It’s week 126 of our new reality.
For many students around the country, this is their final days or weeks of summer break before the new school year begins, the fourth school year since Covid-19 cases first appeared in winter 2020. Each school year since those initial school closures has been defined by disruptions. What will it take to make this one different?
Last time in the New Reality Roundup, we examined the political shifts underway around education and the need to push for a full recovery from school closures. This week we look at what we all can learn from the educational innovations in Arizona and look ahead to the 2022-23 school year with a focus on heading off potential disruptions to learning before they start.
Make 2022-23 an uninterrupted school year
It may seem like a foregone conclusion that schools have put the disruptions to learning behind them as we enter our fourth school year since the pandemic first emerged on our shores, but too much is at risk to take that chance. What’s needed, argues Joseph Allen, a Harvard professor and public health scientist, in a powerful op-ed in The New York Times is a firm commitment to break the cycle of interrupted instruction that has left so many students behind.
“The crisis kids face at this point in the pandemic is not the virus, but the cost of so many years of disrupted school,” Allen writes. “The overriding goal for the next school year should be to maximize time in the classroom and make school look and feel much like it did before the pandemic started.”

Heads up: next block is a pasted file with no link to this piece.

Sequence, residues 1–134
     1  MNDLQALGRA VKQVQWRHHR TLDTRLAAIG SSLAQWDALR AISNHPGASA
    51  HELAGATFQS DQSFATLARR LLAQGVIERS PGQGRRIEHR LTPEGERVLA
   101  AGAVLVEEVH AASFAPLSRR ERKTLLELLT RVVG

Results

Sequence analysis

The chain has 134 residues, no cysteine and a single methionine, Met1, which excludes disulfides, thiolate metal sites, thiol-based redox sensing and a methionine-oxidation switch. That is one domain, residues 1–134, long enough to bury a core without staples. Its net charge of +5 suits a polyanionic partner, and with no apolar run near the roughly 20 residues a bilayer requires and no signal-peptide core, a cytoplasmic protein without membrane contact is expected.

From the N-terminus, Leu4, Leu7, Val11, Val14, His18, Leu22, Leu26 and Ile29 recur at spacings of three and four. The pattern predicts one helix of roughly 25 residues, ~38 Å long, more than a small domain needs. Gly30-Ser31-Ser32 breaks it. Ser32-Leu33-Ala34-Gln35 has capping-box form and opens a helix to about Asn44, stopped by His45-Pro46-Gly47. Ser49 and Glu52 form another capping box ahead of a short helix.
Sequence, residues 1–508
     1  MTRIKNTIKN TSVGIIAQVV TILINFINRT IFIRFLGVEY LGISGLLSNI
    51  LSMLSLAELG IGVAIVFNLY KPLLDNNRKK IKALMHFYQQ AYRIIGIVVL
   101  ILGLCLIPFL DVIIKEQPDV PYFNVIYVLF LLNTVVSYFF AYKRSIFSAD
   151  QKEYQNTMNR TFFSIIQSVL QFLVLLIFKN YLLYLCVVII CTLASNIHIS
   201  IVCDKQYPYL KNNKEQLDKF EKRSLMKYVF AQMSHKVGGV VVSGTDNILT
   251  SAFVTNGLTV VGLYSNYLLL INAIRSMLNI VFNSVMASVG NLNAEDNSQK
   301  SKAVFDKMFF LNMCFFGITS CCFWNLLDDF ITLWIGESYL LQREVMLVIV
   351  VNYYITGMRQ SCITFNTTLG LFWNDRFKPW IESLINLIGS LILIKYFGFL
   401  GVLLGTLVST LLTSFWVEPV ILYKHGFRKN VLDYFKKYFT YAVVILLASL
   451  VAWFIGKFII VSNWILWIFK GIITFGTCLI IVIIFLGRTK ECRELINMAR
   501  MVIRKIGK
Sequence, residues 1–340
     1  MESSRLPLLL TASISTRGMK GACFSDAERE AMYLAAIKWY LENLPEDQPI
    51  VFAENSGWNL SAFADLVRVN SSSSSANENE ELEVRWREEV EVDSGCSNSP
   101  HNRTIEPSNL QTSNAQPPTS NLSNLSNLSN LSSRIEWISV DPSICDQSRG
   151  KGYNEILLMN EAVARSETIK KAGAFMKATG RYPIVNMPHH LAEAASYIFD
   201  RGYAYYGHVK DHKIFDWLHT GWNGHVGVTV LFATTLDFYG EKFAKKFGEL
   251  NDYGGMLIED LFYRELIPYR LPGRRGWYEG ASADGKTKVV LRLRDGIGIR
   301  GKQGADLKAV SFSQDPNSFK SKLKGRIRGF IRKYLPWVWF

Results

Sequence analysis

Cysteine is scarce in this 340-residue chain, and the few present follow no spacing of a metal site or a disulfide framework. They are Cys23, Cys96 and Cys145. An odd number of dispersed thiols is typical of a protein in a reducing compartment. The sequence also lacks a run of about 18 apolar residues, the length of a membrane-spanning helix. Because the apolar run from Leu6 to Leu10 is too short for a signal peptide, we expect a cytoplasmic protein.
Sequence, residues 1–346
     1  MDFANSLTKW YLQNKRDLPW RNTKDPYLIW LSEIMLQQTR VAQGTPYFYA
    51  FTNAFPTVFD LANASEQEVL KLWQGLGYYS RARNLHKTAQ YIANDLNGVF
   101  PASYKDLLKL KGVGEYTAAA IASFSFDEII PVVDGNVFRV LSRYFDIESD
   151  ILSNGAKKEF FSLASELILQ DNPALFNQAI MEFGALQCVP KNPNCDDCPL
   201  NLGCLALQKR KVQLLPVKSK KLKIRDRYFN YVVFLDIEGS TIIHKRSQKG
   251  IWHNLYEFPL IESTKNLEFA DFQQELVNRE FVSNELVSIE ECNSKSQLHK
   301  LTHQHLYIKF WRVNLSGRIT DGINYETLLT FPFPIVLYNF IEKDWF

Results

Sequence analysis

What will it take to make that commitment real in communities across the country? Allen suggests three key areas where mindsets and policies need to change:
- “First, schools should be open. They should never have closed and should never close again.”
- “Quarantining should end. We shouldn’t have kids miss school because they are close contacts of someone who had Covid. This practice is disruptive, has forced entire classrooms to miss two weeks of school unnecessarily.”
- “Most school districts dropped their mask mandates by the end of the 2021-22 school year. This is a good policy choice that should continue into the fall because the value of mandates drops over time, as people become less likely to comply.”
Taken together, these three policies will ensure that students are able to be in the classroom as much as possible and effectively shifts the handling of a Covid infection to be in line with that of other common illnesses. This approach is grounded in the reality of the risk to children today from Covid-19: “The current hospitalization rate for school-age kids in the United States is 0.4 per 100,000. Of all age groups, they have the lowest risk of hospitalization. The highest rate of hospitalization for children was during the January 2022 Omicron surge and topped out at just over one per 100,000.”
There’s some indication that the CDC may be heading Allen and others’ advice, with new guidance expected to be released this week. Plans that were obtained by CNN suggest that the CDC may remove many of the most onerous guidance for schools, including abolishing “test-to-stay” policies, shifting quarantine guidelines for the unvaccinated and removing suggestions that students should keep 6-feet of social distancing.
The new guidance, like previous reports from the CDC, will not be legally binding, meaning that it will still be up to advocates, families and educators to ensure their districts are adopting the new guidelines in the weeks to come–but it’s an important step forward in limiting further learning loss and mental health crises that have negatively impacted far too many children.
- The task this week is to speak out in favor of a commonsense approach to Covid-19 in the new school year, ensuring that learning in 2022-23 will proceed unimpeded.
Learn from Arizona’s innovations
Perhaps no state in the country has had as successful a summer as Arizona when it comes to ushering in the future of the American education system.